If you want to clear bales from a field fast, the answer is increasingly likely to be a bale chaser, as Peter Hill explains.
The equipment isn’t cheap – £60,000 to £80,000 – but contractors who invest in a bale chaser get a system of collecting and clearing bales that is fast, involves just one man and a tractor, and efficiently stockpiles bales for merchants or industrial uses.
For the farmer on whose land these contractors operate, the bale chaser’s work rate is an attraction in fields where bales need to be cleared so that stubbles can get an early post-combine cultivation. Running in line with the baler and the lack of a separate loading vehicle is also attractive in minimising the wheelings.
The three bale chaser designs available to contractors and large farms each take a different approach to getting bales on to the transport platform – the main challenge being to turn the bales through 90° at some point. A common factor is that bales are picked up on the move, which contributes to their fast work rates.
The Heath Superchaser – a Farmers Weekly farm inventions award winner in its original form – has arguably the simplest approach. A substantial “bumper” on the front of the tractor pushes the bale at one end until it lies across the front of the offset chaser.
“It requires a bit of skill on the part of the operator, but is something that’s pretty easy to master,” says David Johnson of Big Bale Company North. “With the bale approached sideways on, all we then need is a two-tined fork to lift it off the ground and flip it over and back on to the loading platform.
“Once two or three bales are in position, the platform pivots upwards to put the bales in an upright stack and push bales already on board further back along the trailer,” he adds. “Each stage is triggered by control buttons on a joystick – we’ve looked at automating the sequence but concluded it’s better to stick with manual control for reliability.”
The Transtacker is derived from the Walton bale chaser design, which underwent a collaborative development programme before all rights were acquired by Big Bale Company South a couple of years ago.
On this machine, bales remain where they were dropped – either flat on their strings or tipped on to one side using a quarter-turn deflector supplied with the machine. Either way, the subsequent loading sequence is operated using a joystick.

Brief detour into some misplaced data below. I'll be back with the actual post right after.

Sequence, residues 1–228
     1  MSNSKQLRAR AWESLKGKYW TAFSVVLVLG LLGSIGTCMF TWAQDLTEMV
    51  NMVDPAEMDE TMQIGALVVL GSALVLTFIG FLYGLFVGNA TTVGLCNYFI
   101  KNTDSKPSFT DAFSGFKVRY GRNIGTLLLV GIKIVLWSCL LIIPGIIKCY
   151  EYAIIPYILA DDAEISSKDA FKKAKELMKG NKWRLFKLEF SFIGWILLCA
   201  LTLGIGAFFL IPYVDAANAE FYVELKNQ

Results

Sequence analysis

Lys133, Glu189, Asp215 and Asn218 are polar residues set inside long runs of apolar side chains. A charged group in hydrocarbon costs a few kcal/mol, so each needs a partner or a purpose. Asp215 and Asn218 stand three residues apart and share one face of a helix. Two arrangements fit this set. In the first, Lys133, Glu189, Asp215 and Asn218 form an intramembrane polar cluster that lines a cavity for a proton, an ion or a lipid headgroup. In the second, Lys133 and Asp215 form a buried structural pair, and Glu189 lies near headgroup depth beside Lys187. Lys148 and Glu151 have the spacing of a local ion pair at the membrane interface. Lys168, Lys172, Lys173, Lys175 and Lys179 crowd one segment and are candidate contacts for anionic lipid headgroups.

“We now have access to very high quality electronic and hydraulic components with an aerospace pedigree at acceptable prices,” says the company’s Paul Bowles. “They have enabled us to simplify the control process without compromising reliability.”
First, bales engaged by the loading mechanism are grabbed on one side by a pair of forks that lift them on to the loading platform in the same alignment.
Once two or three bales are in place, the platform pivots upwards to place the bales in an upright stack, while at the same time moving previously loaded bales down the bed.
The Transtacker has an additional trick, though, in that a turntable on the platform can be used to rotate the bales through 90° and so build a stack with one or more tying-in layers to improve its stability.
“In practice, you may need to tie in only the first stack of a stockpile,” says Mr Bowles. “The rest could be put together without tying-in, which the telehandler operator will prefer when he comes to dismantle the stacks.”
One attraction of the Arcusin AutoStack is that bales are not dragged along the ground for any distance during loading. Instead, they are lifted off the stubble by a short tooth chain conveyor.
“The chains don’t pull the bale aboard, you keep travelling forward at 3-4mph,” points out distributor Stephen Gilman. “Photo cells trigger the hydraulic drive, so the chains are not running all the time as on the previous machine; they start and stop as necessary, which reduces wear.”
Once aboard, the platform rotates through 90°, and the chain drive is activated once more to send the bale on to the top end of the platform, where a pusher mechanism slides the bale to the bottom or up against a previous bale. The platform then lifts the bales upright ready to form a layer of the completed stack.
“One thing some people like, is the way the bales finish bottom side up in the stack,” notes Mr Gilman. “The flattened straw makes a bit of a thatch that encourages rain water to run off.”
Clamping and unloading
On all three machines, stack clamping for transport and the unloading sequence are pretty much the same, although there are differences.
The Heath designs, for example, have fixed rear support forks (in addition to side clamps) that slide out from beneath the stack as the transporter is drawn forward, whereas on the Arcusin AutoStack, these forks are withdrawn hydraulically once the stack is upright, but before it is lowered to the ground.
The Transtacker relies on side clamping pressure alone – and in concert with the tying-in feature this is sufficient for the machine to recover stacks and move them elsewhere.
“That means a contractor can quickly clear a field to a headland to allow post-harvest operations to get under way, and then move the stacks to the stockpile area on another day,” says Paul Bowles.
The next challenge to bale chaser manufacturers will likely be to find a way to further reduce wheelings – at present they must run offset so they create their own set of tracks. Generous tyres minimise their impact but advocates of controlled traffic farming would prefer them to run in the baler’s wheelings.
A self-propelled chaser version with a central picking-up mechanism might be one option. But for Paul Bowles of Big Bale Company South, the more likely solution would be to drop bales away from the centreline more accurately.
“We’re already part way there using the quarter-turn deflector, because that moves the biggest bales 1.2m sideways,” he points out. “We’re going to look at ways of doing that more accurately and with different size bales.